Weekend Reading

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Happy almost weekend!

Taking a pause from kitty pictures momentarily to share what else is going on in my little corner of the world.

After spending many moments thinking about all the things I used to do and miss I decided it was time to literally get back on the horse again. This past week I started taking horseback riding lessons and got back in a pool. I consider myself a relatively active and happy person, but my routine has gotten a bit stale as has my environment. I need, like any living breathing thing, stimulation. The happiness from the hours I spend on horseback and swimming laps will permeate into the rest of my days and add a healthy dose of pleasure.

I had a conversation last night with one of my oldest friends. We were talking about the difference between taking care of one’s self and selfishness. The latter is ugly, the former is necessary.  The former is about not waiting until every single thing has been completed on your to-do list, about tossing guilt into an imaginary paper sack on the side of the road (no real littering folks!!). It is about a careless afternoon wandering through bookstores and having lunch at your favorite diner. It is about taking yourself to the movies. It is about reading a book on a bench in the sun. It is about going to a baseball game sipping beer and eating one of those divine pretzels covered in mustard. It is about putting on your favorite music, pouring yourself a glass of wine and reorganizing your closet. And so much more.

Better Late Than Never
I finally started paying attention to podcasts. Talk about late to the party. I love The Kitchen Sisters Fugitive Waves and Southern Foodways Alliance’s Gravy. The former chronicles hidden bits of history and subjects who have shaped our diverse cultural landscape. The latter tells stories of people and place in the American South through food.

Living Mindfully
Be humble. Be courteous. Behave yourself (inside voices). Be friendly. Be modest. Say “please” and “thank you” always.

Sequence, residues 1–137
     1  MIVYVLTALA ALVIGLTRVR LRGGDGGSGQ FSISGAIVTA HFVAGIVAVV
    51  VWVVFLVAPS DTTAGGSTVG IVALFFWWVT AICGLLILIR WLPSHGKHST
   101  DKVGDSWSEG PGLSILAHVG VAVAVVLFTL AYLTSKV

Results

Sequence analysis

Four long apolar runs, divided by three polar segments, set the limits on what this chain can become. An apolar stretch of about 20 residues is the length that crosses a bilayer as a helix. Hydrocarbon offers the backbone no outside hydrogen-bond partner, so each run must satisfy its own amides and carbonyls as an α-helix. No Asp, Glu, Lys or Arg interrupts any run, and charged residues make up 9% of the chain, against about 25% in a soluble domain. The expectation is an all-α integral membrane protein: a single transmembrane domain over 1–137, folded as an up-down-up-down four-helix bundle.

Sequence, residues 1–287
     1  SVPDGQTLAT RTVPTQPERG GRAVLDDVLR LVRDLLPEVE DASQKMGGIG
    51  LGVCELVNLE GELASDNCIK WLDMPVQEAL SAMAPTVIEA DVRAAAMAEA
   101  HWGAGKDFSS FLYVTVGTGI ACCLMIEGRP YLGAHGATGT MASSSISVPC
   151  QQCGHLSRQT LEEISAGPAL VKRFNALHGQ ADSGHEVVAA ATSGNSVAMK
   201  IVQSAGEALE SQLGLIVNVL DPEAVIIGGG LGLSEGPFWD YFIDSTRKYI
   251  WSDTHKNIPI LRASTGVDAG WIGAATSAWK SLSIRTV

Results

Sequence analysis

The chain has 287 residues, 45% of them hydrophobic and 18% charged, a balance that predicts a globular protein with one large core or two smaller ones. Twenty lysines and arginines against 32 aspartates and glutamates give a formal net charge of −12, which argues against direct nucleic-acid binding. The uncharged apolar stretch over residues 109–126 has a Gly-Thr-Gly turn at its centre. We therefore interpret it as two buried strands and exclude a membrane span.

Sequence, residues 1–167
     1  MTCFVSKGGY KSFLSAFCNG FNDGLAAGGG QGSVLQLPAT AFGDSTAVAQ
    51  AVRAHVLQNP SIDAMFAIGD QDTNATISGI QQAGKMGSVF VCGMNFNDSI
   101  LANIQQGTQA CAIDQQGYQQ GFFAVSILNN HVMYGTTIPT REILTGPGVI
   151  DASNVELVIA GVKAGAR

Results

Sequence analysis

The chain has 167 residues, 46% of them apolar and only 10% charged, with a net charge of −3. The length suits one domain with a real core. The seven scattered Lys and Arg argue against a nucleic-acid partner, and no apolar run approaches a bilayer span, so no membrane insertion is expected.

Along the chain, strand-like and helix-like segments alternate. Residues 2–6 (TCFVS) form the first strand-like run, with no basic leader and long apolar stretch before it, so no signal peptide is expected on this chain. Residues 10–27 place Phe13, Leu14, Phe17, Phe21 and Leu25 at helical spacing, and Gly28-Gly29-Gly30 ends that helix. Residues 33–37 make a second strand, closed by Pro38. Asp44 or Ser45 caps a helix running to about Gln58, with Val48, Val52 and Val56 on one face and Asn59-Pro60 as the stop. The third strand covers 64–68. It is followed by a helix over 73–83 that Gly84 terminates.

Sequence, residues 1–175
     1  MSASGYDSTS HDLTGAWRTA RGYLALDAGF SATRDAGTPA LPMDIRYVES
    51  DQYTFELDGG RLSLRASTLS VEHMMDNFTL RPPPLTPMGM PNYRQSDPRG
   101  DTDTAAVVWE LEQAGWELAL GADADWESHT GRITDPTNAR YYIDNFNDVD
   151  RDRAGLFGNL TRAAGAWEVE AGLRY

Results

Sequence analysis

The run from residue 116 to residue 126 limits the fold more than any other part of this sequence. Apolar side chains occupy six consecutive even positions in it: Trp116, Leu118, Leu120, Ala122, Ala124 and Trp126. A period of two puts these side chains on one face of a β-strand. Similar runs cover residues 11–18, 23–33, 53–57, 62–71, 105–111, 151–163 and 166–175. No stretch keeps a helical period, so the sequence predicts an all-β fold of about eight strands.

Link Love
Susan Cain’s Quiet Revolution – a site for introverts. Let the education begin.

*Note, on the social media front….I removed myself officially from Facebook. I privatized my Instagram account. Deleted several boards from my Pinterest account. And, am only holding onto Twitter as I love it for a research tool.

For the longest  time I have been observing this world we live in – and how the smartest, kindest, bravest people I know are caught up in social media. These computerized tools have turned them – and for a time me too – into affirmation addicts. We post something and constantly check to see how many people have liked or commented on said post. After realizing this was not healthy and a giant waste of time I came to two conclusions (1) The reality of most social media feeds – pictures are posed, professionally lit, styled…they are not real – they are the best outtakes = they are no more real often times than the models on the pages of Vogue magazine. (2) The things I enjoy – that bring richness to my life – are not technological or industrial – they are things we make with our hands. These are real things. Lovely and human.

Kittens Post Two

The last time I adopted a kitten it was the age of film and I did not take as many photos. This digital age I am making up for it with these three. No promises there will not be more kitten posts of Faulkner, Harper, and Tennessee in the future :)

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Weekend Reading: Kittens

I really will get to a thorough Weekend Reading post soon, but for this week I hope the pics of the three adorable kittens I adopted earlier this week will do.

Introducing: Tennessee (a ham for the camera!!), Faulkner, and Harper. Since the feathered gals of Great Cluck Egg Farm are all named after my favorite female authors I took the opportunity to use the names of their male counterparts. *I was going to name Harper “Truman” but just couldn’t get the image of the former U.S. President out of my head and well, Harper Lee does have that book coming out in a few weeks (pre-ordered via Hello Hello Books!!) I went ahead with it. The three are brothers adopted via a cat rescue. They are the sweetest things. Their number one favorite toys? The trash can and the printer cable. Wild furballs of energy they exhaust each other.

Without further adieu…